Problems with mortgage-backed securities ultimately led General Growth Properties Inc. into last week’s bankruptcy filing, but there may be repercussions beyond basic asset sales and cost cuts for other real estate investment trusts and their tenants.
“It casts a dark cloud over all the REITs that are out there, but one should not draw any hasty conclusion that others will follow. The General Growth filing was inevitable….They had a big expansion spurt a few years ago and leveraged everything. They grew a little too big too fast,” said Anthony Sabino, a professor of law and business at St. John’s University.
Sabino suggested the more immediate concern is whether General Growth can maintain the same level of upkeep at its 200 mall sites, given the likelihood of staff cuts as the mall owner becomes a leaner operation.
“The size of the mall doesn’t decrease, but maybe maintenance staff will get cut, and then the mall is not as clean as before. Consumers stay away and the retail tenants lose traffic. That’s when the landlord’s financial trouble is visited on its tenants,” Sabino said.
He said tenants negotiating renewal leases with General Growth should carefully monitor the ongoing level of service the developer provides.
As for other REITs, retail tenants should look at when their mortgages come due to gauge for potential risks down the road.
“Tenants will look to see what other [mall owners] can do for them but may find that it costs more for the same level of service, and therefore rents are going up and not down. The various concessions, such as a month of free rent, may go away. Landlords and tenants need each other, and they either sink or swim together. There will be some concessions and some tough bargaining on both sides,” Sabino said.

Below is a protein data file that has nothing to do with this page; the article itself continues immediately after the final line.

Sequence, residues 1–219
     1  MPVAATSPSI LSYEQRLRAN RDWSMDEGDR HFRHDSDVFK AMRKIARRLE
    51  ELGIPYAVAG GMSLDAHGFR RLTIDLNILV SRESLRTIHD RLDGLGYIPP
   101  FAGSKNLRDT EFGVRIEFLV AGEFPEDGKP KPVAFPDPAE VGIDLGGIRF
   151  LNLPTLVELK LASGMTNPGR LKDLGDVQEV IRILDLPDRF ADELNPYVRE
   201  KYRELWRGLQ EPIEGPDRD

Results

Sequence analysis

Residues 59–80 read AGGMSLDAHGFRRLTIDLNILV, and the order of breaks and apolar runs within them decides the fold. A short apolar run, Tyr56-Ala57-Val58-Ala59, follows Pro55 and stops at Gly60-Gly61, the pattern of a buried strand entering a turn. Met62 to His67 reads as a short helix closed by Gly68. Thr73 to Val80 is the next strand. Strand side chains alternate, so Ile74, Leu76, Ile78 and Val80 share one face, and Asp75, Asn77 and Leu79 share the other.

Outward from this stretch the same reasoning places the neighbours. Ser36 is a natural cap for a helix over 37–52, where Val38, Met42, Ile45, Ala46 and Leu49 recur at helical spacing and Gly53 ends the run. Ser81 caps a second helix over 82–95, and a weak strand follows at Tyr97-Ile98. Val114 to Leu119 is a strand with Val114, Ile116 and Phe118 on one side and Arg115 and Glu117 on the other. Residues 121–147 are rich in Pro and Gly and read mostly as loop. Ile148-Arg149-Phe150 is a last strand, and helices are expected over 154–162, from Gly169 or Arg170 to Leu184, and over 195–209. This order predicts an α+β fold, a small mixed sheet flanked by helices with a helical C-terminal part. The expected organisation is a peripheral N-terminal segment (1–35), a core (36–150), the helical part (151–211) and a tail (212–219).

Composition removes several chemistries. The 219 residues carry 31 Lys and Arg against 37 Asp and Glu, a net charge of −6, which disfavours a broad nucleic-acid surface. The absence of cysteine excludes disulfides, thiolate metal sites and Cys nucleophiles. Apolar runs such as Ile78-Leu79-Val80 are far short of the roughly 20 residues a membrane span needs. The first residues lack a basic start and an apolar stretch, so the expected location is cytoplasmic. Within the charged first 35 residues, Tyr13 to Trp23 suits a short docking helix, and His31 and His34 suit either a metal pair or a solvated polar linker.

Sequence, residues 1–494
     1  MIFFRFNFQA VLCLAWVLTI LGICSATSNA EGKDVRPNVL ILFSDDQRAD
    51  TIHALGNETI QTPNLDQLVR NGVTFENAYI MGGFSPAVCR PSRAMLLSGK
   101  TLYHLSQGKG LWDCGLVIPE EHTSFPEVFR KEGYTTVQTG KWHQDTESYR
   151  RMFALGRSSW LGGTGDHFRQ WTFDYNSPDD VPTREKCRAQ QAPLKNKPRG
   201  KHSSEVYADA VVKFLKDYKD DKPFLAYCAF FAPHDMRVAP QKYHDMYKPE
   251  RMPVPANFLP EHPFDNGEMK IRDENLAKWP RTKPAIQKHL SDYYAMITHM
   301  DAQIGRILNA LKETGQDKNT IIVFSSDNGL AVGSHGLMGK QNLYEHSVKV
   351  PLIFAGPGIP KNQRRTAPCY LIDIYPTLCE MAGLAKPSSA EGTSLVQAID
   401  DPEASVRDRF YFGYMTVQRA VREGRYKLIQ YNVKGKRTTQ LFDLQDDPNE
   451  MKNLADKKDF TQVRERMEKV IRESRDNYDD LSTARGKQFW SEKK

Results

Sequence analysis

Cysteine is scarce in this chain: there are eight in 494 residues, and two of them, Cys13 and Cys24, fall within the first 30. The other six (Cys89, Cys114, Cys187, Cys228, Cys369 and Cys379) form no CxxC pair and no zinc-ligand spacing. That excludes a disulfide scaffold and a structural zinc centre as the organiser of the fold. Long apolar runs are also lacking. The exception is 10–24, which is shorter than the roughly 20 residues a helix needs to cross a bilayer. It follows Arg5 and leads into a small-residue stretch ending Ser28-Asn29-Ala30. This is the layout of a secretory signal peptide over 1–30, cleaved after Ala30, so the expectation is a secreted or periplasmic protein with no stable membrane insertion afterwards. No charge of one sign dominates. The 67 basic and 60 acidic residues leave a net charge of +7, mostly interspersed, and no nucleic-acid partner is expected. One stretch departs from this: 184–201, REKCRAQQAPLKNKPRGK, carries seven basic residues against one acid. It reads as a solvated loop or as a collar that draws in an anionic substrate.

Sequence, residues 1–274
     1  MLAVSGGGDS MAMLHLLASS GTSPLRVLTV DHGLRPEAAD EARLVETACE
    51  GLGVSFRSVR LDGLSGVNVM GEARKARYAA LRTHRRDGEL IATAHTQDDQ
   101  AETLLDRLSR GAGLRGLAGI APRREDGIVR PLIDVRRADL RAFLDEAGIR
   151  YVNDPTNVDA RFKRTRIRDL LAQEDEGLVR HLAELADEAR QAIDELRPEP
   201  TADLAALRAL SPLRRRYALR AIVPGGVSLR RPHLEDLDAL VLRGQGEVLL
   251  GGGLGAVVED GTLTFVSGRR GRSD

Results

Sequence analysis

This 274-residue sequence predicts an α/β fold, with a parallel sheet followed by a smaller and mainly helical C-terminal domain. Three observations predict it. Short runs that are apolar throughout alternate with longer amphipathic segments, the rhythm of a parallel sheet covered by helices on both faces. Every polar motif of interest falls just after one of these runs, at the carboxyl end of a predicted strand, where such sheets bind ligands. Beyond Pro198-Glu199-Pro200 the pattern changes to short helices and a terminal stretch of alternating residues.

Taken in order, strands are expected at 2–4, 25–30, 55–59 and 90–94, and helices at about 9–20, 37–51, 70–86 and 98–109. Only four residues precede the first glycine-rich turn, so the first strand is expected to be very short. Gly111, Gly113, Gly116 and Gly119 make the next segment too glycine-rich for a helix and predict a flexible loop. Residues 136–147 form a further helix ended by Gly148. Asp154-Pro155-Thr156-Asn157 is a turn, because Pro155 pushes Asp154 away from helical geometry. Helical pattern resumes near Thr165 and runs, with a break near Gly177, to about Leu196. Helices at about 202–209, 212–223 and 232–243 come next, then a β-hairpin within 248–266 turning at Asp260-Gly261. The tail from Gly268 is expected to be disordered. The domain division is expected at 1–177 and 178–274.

“The challenge will be how prepared one is and how strong is one’s balance sheet. All REITs will have to examine their credit structure and see how liquid they are or can get,” said Andrew Moser, co-founder of Kairos Capital Partners.
Moser expects buying opportunities for firms that have the liquidity to add value to their real estate portfolios.
“There’s a lot of cash out there. Most investors are sitting on a lot of cash. The concern is where do they deploy that cash. I don’t think we’ve hit the bottom of anything yet. And those with liquidity won’t wait and sit until the very end. They’ll strike when [the right] opportunity crosses their way,” Moser said.
That could result in a transfer of wealth as possible choice assets get sold in the General Growth bankruptcy.
Moser also said retailers are likely to push for rent reductions due to the economic backdrop but may find that mall owners at “A” malls aren’t in a rent-reduction mode. “Those centers have a long list of retailers waiting to go into the centers when there is a vacancy. In the top locations, landlords would rather have the keys and space back to rent to someone else,” he said.
At a recent Retail Marketing Society presentation, Nicholas King, chief operating officer and executive vice president of Prime Retail, said mall operators can often get better pricing when weaker tenants give up their spaces, which were frequently leased at below-market rents.